New York, NY (PRWEB) March 07, 2014
LinkedIn recently announced that the company has undertaken an initiative that targets significant expansion in mainland China through the launch of their simplified Chinese-language site. LinkedIn will now provide the 618 million internet users in China access to the professional networking site in their native written language. China’s strict censorship of online content, which will require Linkedin to share user information with the Chinese government, has become highly controversial in the US. LinkedIn will also be required to censor certain user content, but this is a price it will have to pay for an opportunity that could allow the company to increase their current user base by nearly 50%. For the past decade, Chinese users looking to take advantage of the LinkedIn service were forced to use the English-language site, inherently minimizing LinkedIn’s rate of adoption. All of this is good news for Chinese “netizens,” it’s also great for the company’s stock price, it went up over 5% on the announcement. However, according to BRIC Language & Consulting’s Founder Ryan McMunn the news that no one is speaking about however, is the opportunity that this will create for westerners literate in Chinese. Especially the opportunity for the over 1 million foreign residents of China, Hong Kong, and Taiwan.
Dubbed “Lǐng yīng”, the simplified Chinese version of LinkedIn is not just being celebrated by China’s internet users, but also by Wall Street. Following the announcement, LinkedIn (LNKD) shares received more than a 5% boost during Tuesday’s trading session. But this decision represents so much more than simply dollars and cents, it represents a “Great Leap” forward in the attempt to create a more interconnected world. When you consider that over one billion people speak Mandarin worldwide (which is a good proxy for the number of people who are literate in simplified Chinese, which is the written language) it becomes clear that this new website being made available has far-reaching benefits.
According to CEO Jeff Weiner, “The new Simplified Chinese website will broaden our reach to the country’s more than 140 million professionals who currently represent roughly one in five of the world’s knowledge workers.” But these benefits are certainly not limited to Chinese citizens; Westerners fluent in the Chinese language will now have the opportunity to connect with companies of all sizes operating in China. Conversely, U.S. companies will now be able to more effectively tap the immense pool of talent located in China. Perhaps this will allow Chinese citizens to achieve better wages at foreign companies. And let’s not forget, Chinese users will now better be able to connect with each other!
The issue with having online censorship is that it casts a wide net in terms of what is deemed unacceptable, and in doing so, limits the free flow of ideas, which in turn stunts economic growth. In his blog post, LinkedIn CEO Jeff Weiner wrote, “LinkedIn strongly supports freedom of expression and fundamentally disagrees with government censorship. At the same time, we also believe that LinkedIn’s absence in China would deny Chinese professionals a means to connect with others on our global platform, thereby limiting the ability of individual Chinese citizens to pursue and realize the economic opportunities, dreams and rights most important to them.”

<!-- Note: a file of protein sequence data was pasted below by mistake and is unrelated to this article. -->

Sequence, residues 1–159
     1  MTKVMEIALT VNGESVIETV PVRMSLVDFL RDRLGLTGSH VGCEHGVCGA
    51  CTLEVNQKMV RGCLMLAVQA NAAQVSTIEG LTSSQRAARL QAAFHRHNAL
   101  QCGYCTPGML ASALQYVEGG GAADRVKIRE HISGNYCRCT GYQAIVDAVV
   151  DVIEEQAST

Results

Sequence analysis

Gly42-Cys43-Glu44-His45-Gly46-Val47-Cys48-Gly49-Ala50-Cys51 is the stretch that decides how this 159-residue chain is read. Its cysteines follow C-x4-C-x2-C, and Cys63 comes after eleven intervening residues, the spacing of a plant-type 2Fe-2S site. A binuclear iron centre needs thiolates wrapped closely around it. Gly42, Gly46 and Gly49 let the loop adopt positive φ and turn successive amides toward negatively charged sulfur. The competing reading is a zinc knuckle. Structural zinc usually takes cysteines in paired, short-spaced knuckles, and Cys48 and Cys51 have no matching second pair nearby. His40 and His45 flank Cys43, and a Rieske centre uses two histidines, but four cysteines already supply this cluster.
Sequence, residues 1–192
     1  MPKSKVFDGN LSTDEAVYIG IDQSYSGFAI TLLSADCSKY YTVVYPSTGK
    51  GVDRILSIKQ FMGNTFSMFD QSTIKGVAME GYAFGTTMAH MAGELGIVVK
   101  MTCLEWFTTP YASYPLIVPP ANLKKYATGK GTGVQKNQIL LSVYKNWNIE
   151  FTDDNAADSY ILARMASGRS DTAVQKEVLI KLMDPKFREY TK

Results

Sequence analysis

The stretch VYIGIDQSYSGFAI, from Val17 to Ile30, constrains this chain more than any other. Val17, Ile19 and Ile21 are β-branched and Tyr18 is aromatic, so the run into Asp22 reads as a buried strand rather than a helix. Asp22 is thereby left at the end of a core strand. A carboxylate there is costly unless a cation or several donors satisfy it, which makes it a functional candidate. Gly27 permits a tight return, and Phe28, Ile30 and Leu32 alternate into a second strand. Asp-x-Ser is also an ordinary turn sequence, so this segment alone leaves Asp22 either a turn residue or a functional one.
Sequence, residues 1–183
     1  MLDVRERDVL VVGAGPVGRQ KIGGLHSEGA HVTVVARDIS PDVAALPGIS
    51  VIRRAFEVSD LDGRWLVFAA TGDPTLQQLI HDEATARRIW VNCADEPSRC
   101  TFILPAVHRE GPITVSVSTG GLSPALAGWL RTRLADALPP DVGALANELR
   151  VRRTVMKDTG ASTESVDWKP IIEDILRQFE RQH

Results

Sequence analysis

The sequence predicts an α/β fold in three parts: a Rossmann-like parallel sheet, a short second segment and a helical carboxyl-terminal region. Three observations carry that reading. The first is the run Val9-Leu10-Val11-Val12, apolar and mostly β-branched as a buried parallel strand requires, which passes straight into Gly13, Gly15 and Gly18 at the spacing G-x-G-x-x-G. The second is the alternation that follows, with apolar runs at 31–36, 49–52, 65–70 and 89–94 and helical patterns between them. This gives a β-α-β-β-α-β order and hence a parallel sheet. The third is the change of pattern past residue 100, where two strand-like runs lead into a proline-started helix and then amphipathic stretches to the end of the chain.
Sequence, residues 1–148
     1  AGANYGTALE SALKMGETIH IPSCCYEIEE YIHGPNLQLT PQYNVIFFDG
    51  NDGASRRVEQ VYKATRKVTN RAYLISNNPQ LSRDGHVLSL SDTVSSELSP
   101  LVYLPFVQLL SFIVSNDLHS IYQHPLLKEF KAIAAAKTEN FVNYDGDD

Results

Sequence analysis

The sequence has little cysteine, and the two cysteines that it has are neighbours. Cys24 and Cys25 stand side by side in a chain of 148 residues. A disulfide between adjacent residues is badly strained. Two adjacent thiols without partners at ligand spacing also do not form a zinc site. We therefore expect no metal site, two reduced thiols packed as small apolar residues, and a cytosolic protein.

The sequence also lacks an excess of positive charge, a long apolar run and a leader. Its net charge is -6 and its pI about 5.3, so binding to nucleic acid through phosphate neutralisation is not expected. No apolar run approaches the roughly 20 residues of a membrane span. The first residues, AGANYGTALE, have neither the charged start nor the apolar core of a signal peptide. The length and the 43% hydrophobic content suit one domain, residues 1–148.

LinkedIn, a company almost all of us associate with professional networking, has been in the process of further developing its business model to include a media component (think of all the news articles that pop up on your homepage). In speaking with a current employee, she told me “We want to be your go-to source for current news. If your boss were to call you into a last-minute meeting, our goal is to have you log into LinkedIn to get caught up on what’s going on in the world.” And according to Alexa, LinkedIn currently ranks eleventh in terms of website traffic worldwide, well ahead of any other dedicated “news source” (excluding Yahoo, if you consider that a news source), so this notion of being the world’s go-to source for news is not so far-fetched.
This dissemination of this news, in addition to the user-generated content on each member’s profile, is what has the Chinese government on edge. With the potential for 140 million new LinkedIn users in China, there’s a lot of policing that needs to take place in an effort to satisfy the Chinese government. In his blog post, Mr. Weiner noted, “the company will implement government restrictions, but only to meet minimum requirements.” It is also worth noting that LinkedIn has achieved access that the likes of Facebook, Twitter and Foursquare have not, each of whose sites are blocked in China.
Only time will tell how effective this new endeavor will be in strengthening not only the job searching process in China but also the flow of ideas. At the very least, providing hundreds of millions of people access to job opportunities both inside and outside their countries’ borders is one way LinkedIn is helping shrink the world in which we live.